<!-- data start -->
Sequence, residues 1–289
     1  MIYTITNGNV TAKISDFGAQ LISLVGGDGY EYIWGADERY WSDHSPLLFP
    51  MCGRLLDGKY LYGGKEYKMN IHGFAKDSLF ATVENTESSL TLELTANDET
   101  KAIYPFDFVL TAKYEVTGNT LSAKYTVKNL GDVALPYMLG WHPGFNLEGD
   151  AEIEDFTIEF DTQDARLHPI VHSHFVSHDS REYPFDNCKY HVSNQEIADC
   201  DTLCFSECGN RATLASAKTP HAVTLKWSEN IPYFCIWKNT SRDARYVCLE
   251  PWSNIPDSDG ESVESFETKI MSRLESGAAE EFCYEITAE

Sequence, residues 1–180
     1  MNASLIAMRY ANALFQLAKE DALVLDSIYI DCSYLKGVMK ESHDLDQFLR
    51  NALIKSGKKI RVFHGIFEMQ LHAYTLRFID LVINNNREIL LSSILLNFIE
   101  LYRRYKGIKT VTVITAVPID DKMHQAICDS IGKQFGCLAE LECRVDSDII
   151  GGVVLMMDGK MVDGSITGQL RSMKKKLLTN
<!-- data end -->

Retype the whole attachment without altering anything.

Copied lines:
Sequence, residues 1–289
     1  MIYTITNGNV TAKISDFGAQ LISLVGGDGY EYIWGADERY WSDHSPLLFP
    51  MCGRLLDGKY LYGGKEYKMN IHGFAKDSLF ATVENTESSL TLELTANDET
   101  KAIYPFDFVL TAKYEVTGNT LSAKYTVKNL GDVALPYMLG WHPGFNLEGD
   151  AEIEDFTIEF DTQDARLHPI VHSHFVSHDS REYPFDNCKY HVSNQEIADC
   201  DTLCFSECGN RATLASAKTP HAVTLKWSEN IPYFCIWKNT SRDARYVCLE
   251  PWSNIPDSDG ESVESFETKI MSRLESGAAE EFCYEITAE

Sequence, residues 1–180
     1  MNASLIAMRY ANALFQLAKE DALVLDSIYI DCSYLKGVMK ESHDLDQFLR
    51  NALIKSGKKI RVFHGIFEMQ LHAYTLRFID LVINNNREIL LSSILLNFIE
   101  LYRRYKGIKT VTVITAVPID DKMHQAICDS IGKQFGCLAE LECRVDSDII
   151  GGVVLMMDGK MVDGSITGQL RSMKKKLLTN